GREENE COUNTY, Miss. (WKRG) – A state representative over most of Greene and Perry counties, and part of George County, failed to file his campaign finance disclosure by the state’s deadline last week. It appears to be the sixth time he has filed late in his second election season.
State Rep. Dale Goodin, of District 105, failed to file the report by the 5 p.m. deadline on Wednesday, May 10. He was included on a list published by Secretary of State Michael Watson naming candidates that had not filed the reports by 48 hours after the deadline.
All candidates for office must file campaign finance disclosure reports in accordance with state law, regardless of whether they spent or received money during the reporting period. Candidates who do not file are assessed a civil penalty of $50 per day, up to $500, beginning with the tenth calendar day after the report is due. An intentional violation of the campaign finance disclosure law is a misdemeanor with a maximum penalty of $3,000, six months imprisonment, or both.
Goodin filed 14 financal disclosures with the Secretary of State on Jan. 31, including reports that are supposed to document money spent and received during months well into the future, from May until October. When asked about this Friday by email, Goodin told WKRG: “I just amended my report. Thanks for the reminder.” The amended report indicates no money spent or raised since the beginning of the year.
Out of 10 required reports since 2019, six appear to have been filed late, according to publicly available Secretary of State records. One technically filed on time, the 2019 general pre-election report, was filed too far in advance to be accurate. The report was supposed to include expenses and donations from the month of October 2019. It was submitted on Sep. 4, and does not appear to have ever been amended.
Goodin has only ever reported receiving donations or spending money on his campaign one time, despite twice having to pay a $250 qualifying fee to get on the ballot. In the 2019 primary runoff pre-election report, which appeared to have been filed 15 days late, he reported paying $24,548 two days after the runoff to Chase Bank and $12,951 to Regions Bank. The filing also included a $30,000 donation from himself, $6,500 from Mississippi Public Education PAC and $1,000 from Jim Barksdale.
Those individual expenses and donations reported appear to equal each other and create a zero balance, yet the report indicated his campaign still had $24,548 cash on hand. The next report, appearing to have been submitted 13 days late, shows a starting balance of $0.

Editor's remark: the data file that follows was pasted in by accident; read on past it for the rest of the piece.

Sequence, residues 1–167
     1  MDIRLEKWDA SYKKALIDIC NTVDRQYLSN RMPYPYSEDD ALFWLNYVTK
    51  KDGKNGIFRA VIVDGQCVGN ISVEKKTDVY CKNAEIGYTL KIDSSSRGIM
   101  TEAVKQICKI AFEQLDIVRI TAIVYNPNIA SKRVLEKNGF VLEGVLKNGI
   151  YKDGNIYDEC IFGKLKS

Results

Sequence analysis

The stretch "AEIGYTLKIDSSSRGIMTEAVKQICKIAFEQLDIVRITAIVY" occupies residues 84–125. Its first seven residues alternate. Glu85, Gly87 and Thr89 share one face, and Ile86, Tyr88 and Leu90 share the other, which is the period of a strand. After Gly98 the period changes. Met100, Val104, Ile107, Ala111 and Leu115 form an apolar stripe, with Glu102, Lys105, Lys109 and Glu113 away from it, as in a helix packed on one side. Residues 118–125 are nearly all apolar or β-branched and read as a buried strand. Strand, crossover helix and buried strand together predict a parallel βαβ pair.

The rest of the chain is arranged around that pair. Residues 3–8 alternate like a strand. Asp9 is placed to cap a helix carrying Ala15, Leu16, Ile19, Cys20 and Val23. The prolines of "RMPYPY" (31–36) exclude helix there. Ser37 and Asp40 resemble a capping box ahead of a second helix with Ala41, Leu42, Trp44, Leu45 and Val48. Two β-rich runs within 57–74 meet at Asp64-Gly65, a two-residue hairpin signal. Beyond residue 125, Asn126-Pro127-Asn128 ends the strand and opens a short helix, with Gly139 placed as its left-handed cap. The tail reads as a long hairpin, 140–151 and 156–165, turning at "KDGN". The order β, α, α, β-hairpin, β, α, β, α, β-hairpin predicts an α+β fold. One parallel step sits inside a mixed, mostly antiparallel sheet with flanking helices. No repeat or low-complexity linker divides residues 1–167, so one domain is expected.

His 2022 annual report shows a $250 balance with no itemized contributions attached to show where the money came from. It is unclear if Goodin has ever been fined for his tardiness, which appears to have been the most extreme at 34 days late for the 2019 primary pre-election report.
Goodin, a retired Perry County Schools administrator and Navy veteran, was first elected in 2019, defeating incumbent Roun McNeal in the Republican primary run-off for the seat. The district covers most of Greene and Perry counties and the Rocky Creek and Shipman precincts in George County.
While Goodin reported not receiving or spending any money from January through May of this year, his primary opponents differed.
Greene County businessman Matt Brewer reported spending $622 on the filing fee and advertising with no donations. His latest report was filed early. Five of the seven reports he filed as a candidate for the seat in 2019 appear to have been submitted after the deadline set by state law.
He does not appear to have filed a Statement of Economic Interest with the Mississippi Ethics Commission, due 15 days after qualifying to run on Feb. 1.
Attorney Elliot Burch, another candidate challenging Goodin for the Republican nomination, reported receiving:
- $2,000 loan from himself
- $500 from State Sen. Dennis DeBar
- $500 from Beard Law Firm in Leakesville
- $400 from Martha Hurt of Lucedale
- $250 from Leakesville attorney Chris Dobbins
- $250 from George County Prosecutor Joey Griffin
His report, filed on time, indicated $2,673 spent on advertising and filing to run for office.